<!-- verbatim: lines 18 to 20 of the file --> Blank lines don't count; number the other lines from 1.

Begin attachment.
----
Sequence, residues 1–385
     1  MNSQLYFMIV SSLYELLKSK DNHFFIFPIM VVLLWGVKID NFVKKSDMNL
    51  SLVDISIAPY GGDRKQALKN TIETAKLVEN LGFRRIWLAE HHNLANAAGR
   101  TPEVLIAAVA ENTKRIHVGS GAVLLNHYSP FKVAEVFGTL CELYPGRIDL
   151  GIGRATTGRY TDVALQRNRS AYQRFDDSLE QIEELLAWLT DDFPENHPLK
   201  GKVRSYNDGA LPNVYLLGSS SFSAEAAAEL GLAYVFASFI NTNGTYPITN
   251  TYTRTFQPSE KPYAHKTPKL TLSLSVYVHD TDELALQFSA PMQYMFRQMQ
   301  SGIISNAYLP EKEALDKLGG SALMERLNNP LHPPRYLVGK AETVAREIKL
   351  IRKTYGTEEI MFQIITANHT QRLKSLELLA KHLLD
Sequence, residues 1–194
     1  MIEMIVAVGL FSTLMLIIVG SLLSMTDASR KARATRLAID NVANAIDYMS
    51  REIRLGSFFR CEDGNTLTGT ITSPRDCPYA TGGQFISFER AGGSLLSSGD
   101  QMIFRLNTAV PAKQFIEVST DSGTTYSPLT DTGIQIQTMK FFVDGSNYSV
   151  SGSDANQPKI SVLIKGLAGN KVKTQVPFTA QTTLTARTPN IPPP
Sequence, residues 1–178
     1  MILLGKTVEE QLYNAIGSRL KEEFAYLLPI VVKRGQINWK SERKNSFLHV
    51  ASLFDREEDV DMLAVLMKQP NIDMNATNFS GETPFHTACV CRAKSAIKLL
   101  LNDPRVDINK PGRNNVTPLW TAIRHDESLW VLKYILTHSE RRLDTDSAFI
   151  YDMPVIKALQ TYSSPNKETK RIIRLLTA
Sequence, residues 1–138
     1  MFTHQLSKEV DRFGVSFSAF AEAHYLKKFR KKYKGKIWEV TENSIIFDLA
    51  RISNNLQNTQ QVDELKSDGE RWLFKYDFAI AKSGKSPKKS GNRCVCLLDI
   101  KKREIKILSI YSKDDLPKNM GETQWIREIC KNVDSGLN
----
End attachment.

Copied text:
   101  LNDPRVDINK PGRNNVTPLW TAIRHDESLW VLKYILTHSE RRLDTDSAFI
   151  YDMPVIKALQ TYSSPNKETK RIIRLLTA
Sequence, residues 1–138